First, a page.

Relays that don't work

Anyone had any experience with relays that don't quite work - try to turn a relay on and it sometimes does and sometimes doesn't, or turns on for a bit and then drops out or oscillates intermittently. Seems the coil is faulty or something. Anyone heard of relays that do this and what might cause it.

Thanks

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Reply to
darkknight
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I've experienced it on a production run. Turned out the manufacturer's cleaning solution was bad. The contacts would stick after a number of consecutive toggles during test. Apparently there was a sticky residue on the internal contacts. Happened often enough to return the entire lot of relays.

Oscillation is bad firmware.

Reply to
Moon Shine

Silly question, but is the sustaining voltage above the drop-out voltage?

Al

Reply to
Al

Or the supply driving the relay can't sustain the output current at DC. Depending on the coil inductance and DC resistance, you can get weird voltage spikes accross the coil. The oscilloscope is your friend in these cases. Depending on the time scale, you might also have a supply or driver going into thermal overload.

Mark Borgerson

Reply to
Mark Borgerson

Sounds like the coil voltage isn't high enough...

Best regards, Spehro Pefhany

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Reply to
Spehro Pefhany

50 years ago we used lots of IBM relays that had a pick coil and a hold coil. In those days computers were large monsters with many vacuum tubes. But the relays were reliable.

You can make peculiar circuits involving diodes and capacitors and multiple voltage supplies that can effectively supply the extra 'pick' effort. Repetition rate is limited.

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 [mail]: Chuck F (cbfalconer at maineline dot net) 
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Reply to
CBFalconer

Herer is OK for this question. If you are having this problem with all of your relays then you have a number of possible causes. Others have alluded to Voltage or Current availability for the relay to hold in. You can confirm this by test-benching a relay from a small bench power supply that has current and voltage adjustments (the lab variety). See what your relays really want by way of drive.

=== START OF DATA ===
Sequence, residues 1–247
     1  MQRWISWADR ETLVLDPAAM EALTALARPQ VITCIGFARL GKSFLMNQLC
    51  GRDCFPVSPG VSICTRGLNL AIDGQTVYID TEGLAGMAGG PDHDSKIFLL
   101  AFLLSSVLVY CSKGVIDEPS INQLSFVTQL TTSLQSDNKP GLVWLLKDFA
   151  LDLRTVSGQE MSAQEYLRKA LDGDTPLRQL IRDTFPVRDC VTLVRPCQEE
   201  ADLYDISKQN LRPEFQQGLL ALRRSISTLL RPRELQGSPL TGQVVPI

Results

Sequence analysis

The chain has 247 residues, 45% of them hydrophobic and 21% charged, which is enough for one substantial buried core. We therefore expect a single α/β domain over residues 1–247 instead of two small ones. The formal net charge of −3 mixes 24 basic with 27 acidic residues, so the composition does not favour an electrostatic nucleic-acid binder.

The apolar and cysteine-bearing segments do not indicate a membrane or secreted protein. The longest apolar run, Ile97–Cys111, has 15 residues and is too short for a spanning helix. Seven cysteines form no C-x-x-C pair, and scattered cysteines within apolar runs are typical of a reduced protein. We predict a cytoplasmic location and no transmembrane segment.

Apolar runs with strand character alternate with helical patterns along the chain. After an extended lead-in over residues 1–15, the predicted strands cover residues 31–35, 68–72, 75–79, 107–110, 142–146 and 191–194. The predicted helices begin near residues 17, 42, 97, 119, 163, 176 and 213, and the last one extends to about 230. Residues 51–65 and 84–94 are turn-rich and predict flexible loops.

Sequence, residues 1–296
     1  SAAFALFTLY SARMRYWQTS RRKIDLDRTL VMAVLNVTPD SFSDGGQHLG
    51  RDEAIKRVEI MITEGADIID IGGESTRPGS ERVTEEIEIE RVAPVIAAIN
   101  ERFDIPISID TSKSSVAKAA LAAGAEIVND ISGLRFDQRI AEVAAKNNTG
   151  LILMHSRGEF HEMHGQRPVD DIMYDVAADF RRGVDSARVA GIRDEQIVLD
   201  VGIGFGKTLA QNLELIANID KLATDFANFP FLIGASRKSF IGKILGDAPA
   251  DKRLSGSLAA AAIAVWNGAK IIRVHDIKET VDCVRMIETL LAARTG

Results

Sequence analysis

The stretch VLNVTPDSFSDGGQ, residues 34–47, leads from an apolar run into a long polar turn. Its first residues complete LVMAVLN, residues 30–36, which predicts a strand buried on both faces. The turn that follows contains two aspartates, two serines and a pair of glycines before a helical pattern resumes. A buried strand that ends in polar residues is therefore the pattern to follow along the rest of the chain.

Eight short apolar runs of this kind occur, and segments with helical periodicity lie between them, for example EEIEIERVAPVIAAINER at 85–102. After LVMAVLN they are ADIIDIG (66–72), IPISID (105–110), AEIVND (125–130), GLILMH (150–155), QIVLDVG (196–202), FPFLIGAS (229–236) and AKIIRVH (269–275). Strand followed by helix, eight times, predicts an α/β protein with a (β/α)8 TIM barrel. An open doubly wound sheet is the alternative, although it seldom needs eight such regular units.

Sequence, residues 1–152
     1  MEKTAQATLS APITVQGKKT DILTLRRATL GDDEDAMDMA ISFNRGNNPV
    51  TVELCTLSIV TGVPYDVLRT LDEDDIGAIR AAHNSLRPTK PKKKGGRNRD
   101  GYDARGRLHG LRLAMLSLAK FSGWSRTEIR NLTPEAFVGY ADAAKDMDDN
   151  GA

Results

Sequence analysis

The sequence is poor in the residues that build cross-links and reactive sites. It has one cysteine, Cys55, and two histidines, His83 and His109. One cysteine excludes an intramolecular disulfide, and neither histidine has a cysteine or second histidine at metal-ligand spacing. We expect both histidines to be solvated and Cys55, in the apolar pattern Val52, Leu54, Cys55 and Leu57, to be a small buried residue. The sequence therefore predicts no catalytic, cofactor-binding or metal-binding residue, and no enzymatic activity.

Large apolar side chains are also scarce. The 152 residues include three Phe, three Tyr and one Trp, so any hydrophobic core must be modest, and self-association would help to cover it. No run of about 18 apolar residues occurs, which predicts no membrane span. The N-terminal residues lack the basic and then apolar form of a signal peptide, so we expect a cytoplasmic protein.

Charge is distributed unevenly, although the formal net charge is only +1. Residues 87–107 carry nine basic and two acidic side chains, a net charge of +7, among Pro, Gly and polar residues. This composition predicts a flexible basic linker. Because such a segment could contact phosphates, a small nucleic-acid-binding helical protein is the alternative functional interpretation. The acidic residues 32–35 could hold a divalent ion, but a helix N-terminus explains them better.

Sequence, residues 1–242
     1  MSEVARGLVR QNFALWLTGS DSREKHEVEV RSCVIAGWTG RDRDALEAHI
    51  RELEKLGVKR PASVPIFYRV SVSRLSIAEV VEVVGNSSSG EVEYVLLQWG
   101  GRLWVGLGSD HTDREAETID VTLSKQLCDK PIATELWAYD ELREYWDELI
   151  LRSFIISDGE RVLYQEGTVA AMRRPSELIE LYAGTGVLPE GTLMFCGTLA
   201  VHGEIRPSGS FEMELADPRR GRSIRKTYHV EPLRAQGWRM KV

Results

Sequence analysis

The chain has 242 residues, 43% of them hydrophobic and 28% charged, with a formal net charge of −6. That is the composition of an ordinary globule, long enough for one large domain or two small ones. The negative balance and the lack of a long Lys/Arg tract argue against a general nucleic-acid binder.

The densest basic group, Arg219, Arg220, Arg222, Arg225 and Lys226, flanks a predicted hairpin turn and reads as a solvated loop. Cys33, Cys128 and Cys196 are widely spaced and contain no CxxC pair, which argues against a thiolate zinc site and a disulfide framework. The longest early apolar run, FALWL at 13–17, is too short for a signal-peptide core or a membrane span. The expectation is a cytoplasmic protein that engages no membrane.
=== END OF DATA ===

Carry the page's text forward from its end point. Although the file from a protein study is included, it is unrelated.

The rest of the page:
You usually need a good driver transistor powered from a supply rail that has plenty of current drive behind it. Most relays (and solenoids) want

60% of their rated voltage to hold in but you need to give them their full rated voltage to ensure the pick properly. Limiting the current available from supply rails will also limit the voltage they see. This sort of thing you will see on the bench test.

Bad batches like those alluded to by Moon-Shine do not happen that frequently but they can happen. So try a number of relays from different batches if you are able. If the relay has a removable cover, inspect the mot

ion as it closes. If it is a DIL type or fully sealed type then check them out thoroughly as suggested above and compare with their data-sheets. Scopes are very useful for this type of exploration.

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Paul E. Bennett...............
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Reply to
Paul E. Bennett

Yes -

- Some that had polarized coils and I didn't notice that when I designed the board. They'd make a soft clicking sound (being repelled by the magnet I guess) but not close the circuit.

- Cleaning solvents, our own rather than the component vendors (actually this was with PCB mount audio transducers)

Reply to
cs_posting

Do you have a protection diode to absorb the back emf when the coil turns off? If not it is possible that your driver components are being partially fried. As other posters have hinted at, my first plan of attack would the to check the power to the coil, both in terms of voltage and current.

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Andrew Smallshaw
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Reply to
Andrew Smallshaw

Aqueous cleaning non-sealed relays can do the same thing.

Reply to
Jim Stewart

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